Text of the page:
Kenya's next elections, on March 4 and April 11, are quite possibly the most important and complex since the country's return to multiparty politics two decades ago. If elections are largely peaceful and seen as credible two things will happen: Kenya's new constitution, adopted in 2010, will be brought fully into force and the country's progress toward becoming a modern democratic state will advance. Conversely, if elections are marred by widespread violence and perceived as illegitimate, they will likely plunge the country into a renewed period of political instability and set back Kenya's democratic gains. A breakdown in the electoral process will also do serious harm to Kenya's economy, which has been performing well in recent years.
In Zimbabwe, speculation surrounding elections has recently been on the rise following President Robert Mugabe's statements that elections would be held in March. These comments came as the country's major stakeholders were ironing out a few remaining items in the draft constitution. A constitutional referendum is plausible in April, should funding be resolved expeditiously. While the constitution is expected to be approved in the referendum, before general elections can be held, major amendments to the electoral law are required. Recent opinion polls indicate that candidates President Mugabe and Prime Minister Tsvangirai are tied. Major reforms essential for a conductive democratic electoral process are yet to materialize. No doubt, the upcoming 2013 elections will be decisive for the future of Zimbabwe, but many Zimbabweans await the end of this transitional arrangement.
In Pakistan, democratic stability has long been elusive. If the current government, led by President Asif Ali Zardari, is able to finish its term, the upcoming elections in 2013 could mark the country's first civilian-to-civilian transfer of power, as required by the 18th and 20th constitutional amendments. It would also be the first election managed by an election commission chosen by consensus and viewed as trusted and credible. This would be a milestone in bringing Pakistan closer to stability. Elections will likely take place in April or May.
The political situation in the Maldives continues to be very tense. President Waheed has dismissed the idea of early elections, declaring the date for a Presidential election will remain in July as called for by the constitution. The Election Commission (EC) is considered to be a transparent institution, but they aren't ready to hold an election; despite their assertions to the contrary. The concerns extend beyond a narrowly defined set of technical issues because security will be the main concern for the public, the candidates and their parties. Given the likelihood of political violence and the contentious nature of the presidential election, the outcome of the poll needs to be widely accepted by all contestants in order to hold on-going political tensions in check.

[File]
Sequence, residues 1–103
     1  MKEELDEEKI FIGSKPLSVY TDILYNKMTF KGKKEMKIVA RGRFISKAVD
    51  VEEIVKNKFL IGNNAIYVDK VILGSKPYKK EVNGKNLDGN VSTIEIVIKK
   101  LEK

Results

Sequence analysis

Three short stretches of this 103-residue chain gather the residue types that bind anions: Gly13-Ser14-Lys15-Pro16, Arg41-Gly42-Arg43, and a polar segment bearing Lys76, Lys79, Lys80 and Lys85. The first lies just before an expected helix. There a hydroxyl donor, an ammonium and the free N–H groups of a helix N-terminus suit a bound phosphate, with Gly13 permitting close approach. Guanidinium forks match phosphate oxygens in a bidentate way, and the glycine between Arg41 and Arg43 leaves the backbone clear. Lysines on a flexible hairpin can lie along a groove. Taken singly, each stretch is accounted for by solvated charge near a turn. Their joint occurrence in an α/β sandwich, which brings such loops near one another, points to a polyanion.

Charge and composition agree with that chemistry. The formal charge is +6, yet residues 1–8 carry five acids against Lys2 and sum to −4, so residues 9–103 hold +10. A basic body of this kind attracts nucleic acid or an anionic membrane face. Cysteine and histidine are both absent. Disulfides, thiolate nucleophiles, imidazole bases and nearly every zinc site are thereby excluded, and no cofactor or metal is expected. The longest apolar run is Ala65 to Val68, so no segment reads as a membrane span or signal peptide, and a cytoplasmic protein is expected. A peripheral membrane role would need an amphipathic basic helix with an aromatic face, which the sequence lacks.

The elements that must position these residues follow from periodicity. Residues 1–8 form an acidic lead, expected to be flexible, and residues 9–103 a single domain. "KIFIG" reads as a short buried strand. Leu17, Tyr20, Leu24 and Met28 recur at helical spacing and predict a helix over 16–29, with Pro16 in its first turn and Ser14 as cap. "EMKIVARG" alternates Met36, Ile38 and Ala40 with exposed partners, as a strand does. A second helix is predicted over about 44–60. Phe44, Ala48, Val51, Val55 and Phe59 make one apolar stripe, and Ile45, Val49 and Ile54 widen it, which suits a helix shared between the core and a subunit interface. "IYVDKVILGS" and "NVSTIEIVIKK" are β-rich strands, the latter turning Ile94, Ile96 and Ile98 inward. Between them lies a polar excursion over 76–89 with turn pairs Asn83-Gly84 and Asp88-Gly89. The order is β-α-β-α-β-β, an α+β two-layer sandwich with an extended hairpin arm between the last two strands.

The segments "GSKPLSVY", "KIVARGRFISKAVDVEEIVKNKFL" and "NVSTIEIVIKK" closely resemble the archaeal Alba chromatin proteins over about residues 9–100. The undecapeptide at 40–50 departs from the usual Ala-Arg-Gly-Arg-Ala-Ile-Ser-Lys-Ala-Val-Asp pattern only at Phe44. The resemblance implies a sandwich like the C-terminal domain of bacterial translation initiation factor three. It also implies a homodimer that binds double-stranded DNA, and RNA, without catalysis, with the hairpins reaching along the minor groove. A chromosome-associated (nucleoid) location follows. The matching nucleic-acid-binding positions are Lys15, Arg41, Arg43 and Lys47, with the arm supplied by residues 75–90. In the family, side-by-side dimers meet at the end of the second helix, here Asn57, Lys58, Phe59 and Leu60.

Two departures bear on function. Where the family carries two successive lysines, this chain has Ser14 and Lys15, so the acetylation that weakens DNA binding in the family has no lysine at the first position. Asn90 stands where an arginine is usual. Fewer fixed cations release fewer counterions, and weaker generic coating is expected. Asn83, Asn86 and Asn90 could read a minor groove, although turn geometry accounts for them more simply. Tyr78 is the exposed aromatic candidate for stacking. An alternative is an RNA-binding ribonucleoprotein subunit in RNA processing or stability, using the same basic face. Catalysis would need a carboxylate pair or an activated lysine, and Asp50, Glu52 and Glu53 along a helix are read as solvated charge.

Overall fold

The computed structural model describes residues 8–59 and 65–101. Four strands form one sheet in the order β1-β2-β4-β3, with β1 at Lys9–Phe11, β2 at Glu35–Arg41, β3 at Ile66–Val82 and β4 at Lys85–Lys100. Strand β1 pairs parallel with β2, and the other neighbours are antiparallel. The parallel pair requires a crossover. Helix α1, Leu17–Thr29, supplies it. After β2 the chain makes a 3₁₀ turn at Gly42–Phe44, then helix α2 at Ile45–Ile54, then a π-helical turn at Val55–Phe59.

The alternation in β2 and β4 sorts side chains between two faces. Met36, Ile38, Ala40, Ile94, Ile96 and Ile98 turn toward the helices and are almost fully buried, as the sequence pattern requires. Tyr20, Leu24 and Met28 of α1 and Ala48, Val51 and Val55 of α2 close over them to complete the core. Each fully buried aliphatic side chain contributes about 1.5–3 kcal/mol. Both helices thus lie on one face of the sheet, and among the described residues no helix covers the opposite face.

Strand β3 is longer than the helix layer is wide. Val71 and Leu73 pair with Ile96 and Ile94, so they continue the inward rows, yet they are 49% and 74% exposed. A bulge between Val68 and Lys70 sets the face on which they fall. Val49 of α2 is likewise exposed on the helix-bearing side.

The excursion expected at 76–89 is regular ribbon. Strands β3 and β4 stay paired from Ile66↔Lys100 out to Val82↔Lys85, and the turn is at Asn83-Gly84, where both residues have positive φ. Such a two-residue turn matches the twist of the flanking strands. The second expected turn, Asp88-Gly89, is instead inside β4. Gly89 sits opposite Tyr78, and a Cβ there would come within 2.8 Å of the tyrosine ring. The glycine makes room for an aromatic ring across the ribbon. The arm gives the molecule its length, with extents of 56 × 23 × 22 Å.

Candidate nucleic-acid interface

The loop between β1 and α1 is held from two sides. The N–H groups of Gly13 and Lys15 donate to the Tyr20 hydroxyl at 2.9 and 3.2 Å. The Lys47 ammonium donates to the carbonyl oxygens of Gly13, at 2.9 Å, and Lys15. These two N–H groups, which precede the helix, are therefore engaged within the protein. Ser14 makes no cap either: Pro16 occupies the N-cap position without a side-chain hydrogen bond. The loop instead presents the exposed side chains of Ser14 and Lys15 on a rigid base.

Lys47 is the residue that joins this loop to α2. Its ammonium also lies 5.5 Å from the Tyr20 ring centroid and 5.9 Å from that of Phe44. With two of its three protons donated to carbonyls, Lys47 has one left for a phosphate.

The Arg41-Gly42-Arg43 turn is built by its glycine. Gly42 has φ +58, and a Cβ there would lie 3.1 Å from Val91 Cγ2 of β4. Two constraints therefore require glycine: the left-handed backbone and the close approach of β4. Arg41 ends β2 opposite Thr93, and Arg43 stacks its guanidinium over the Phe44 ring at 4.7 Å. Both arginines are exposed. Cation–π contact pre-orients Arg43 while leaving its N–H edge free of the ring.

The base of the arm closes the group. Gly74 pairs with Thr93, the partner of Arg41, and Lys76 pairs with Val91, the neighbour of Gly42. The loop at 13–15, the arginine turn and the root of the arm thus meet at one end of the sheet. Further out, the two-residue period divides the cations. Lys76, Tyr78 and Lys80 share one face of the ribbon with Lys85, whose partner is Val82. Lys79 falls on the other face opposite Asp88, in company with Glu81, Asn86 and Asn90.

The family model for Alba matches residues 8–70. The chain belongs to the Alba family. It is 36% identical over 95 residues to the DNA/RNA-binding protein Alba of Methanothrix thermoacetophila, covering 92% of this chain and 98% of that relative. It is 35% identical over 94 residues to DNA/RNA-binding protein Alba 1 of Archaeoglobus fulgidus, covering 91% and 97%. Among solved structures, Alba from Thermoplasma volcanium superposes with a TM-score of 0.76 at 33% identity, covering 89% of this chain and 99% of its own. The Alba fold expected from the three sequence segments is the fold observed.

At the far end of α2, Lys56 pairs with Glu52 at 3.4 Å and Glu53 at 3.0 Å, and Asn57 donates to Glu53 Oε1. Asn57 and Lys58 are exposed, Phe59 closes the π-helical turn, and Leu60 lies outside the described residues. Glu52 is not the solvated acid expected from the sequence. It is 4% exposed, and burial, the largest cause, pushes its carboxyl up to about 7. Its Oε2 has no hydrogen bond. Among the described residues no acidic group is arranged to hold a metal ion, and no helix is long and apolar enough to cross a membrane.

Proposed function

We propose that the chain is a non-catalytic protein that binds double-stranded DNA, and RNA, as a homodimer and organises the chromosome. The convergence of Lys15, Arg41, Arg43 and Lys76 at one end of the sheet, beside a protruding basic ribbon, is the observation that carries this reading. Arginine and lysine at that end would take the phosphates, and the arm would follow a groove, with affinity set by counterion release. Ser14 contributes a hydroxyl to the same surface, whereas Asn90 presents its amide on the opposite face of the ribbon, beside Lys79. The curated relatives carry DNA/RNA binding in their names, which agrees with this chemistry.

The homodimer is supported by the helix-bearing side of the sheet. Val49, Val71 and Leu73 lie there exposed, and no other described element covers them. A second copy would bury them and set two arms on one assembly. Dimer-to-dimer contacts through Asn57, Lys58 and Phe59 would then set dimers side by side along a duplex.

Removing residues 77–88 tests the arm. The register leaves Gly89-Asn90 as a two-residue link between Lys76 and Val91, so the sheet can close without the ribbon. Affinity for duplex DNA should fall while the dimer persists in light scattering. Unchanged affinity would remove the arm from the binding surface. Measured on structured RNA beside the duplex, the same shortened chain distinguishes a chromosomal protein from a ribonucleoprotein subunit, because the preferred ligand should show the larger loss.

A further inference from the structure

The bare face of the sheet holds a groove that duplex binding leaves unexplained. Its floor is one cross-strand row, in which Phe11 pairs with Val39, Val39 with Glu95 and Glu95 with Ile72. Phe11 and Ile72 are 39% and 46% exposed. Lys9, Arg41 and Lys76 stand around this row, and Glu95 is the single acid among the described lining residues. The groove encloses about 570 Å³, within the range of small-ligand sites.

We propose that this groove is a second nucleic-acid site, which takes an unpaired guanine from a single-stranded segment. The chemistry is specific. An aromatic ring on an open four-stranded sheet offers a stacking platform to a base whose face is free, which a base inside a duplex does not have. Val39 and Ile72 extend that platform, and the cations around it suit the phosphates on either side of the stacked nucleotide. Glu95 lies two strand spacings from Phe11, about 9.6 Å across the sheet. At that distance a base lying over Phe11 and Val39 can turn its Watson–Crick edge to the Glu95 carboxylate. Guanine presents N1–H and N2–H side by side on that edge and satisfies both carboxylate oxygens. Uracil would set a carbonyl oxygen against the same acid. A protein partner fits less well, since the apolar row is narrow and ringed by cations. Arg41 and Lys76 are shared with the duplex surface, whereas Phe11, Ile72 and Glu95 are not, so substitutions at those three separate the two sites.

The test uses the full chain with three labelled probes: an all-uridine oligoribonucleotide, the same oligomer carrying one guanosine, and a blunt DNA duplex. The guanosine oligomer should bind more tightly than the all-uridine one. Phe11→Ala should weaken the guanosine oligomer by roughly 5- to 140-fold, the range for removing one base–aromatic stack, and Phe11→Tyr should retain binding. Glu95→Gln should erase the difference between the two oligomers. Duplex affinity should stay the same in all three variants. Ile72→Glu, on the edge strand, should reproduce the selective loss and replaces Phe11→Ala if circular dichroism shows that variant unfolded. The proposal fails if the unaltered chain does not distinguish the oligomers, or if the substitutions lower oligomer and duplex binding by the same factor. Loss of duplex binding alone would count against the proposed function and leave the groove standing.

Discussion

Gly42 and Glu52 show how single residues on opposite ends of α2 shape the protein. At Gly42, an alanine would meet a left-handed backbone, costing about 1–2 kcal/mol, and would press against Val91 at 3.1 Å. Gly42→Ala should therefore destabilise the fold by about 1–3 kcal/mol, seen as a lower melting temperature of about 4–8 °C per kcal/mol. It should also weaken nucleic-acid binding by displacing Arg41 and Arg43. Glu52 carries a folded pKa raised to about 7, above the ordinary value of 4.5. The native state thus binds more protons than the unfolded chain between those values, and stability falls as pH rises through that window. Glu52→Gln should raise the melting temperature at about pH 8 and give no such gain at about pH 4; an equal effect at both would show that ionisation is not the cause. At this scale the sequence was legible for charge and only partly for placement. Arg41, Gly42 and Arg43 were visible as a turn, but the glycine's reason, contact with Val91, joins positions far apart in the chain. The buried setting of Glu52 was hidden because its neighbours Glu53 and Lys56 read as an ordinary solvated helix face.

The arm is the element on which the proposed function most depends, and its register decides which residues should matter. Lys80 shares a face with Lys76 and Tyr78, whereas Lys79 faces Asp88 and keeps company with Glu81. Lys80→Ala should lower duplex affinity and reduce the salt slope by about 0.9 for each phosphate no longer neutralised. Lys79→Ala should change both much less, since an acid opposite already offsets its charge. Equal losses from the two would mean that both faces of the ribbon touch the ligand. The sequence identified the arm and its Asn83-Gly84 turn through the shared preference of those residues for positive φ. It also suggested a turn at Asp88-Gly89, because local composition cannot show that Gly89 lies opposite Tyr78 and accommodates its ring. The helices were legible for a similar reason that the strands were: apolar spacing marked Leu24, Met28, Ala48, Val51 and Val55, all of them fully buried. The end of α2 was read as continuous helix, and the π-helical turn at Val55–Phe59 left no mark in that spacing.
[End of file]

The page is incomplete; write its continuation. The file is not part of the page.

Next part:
The Georgian Dream coalition, having defeated President Saakashvili's United National Movement party in parliamentary elections last fall, will face the first real test of its popularity since taking power when Georgia conducts presidential elections this October. Whatever the outcome, this election will result in a new president given that President Saakashvili is term limited. The change in executive leadership in late 2013 precedes the activation of constitutional amendments that will be triggered in December, significantly reducing the president's powers while increasing those of the sitting prime minister (also Georgian Dream leader) and the parliament.
In Albania recent reforms that may pave the way for a European Union conditional candidacy, could be lost by politicians' preoccupation in organizing for the 2013 parliamentary elections and a likely hard fought campaign. It seems certain that the elections will pit the two relatively equal parties of Albania, the Democratic Party and the Socialist Party, against each other (again) in what is likely to be a contest as close as the 2009 and 2011 elections. Under Albania's current electoral system it is difficult for several smaller parties to realistically compete, yet talk of coalitions and several populist overtures have dominated news of late, as has a growing pressure on the Central Election Commission to take several decisions needed for the election to go ahead in June and July.
The lively debate and research of the constructive role that elections and democracy play in promoting (or hindering) human development is a rich topic. The events anticipated in the coming year promise to shed additional light on the role of credible elections in promoting democratic stability and provide additional data to assess the trajectory of democratic growth and political freedom.
Look at our photo gallery of elections mentioned in this article.
View our graphic on elections and democratic transitions to watch in 2013.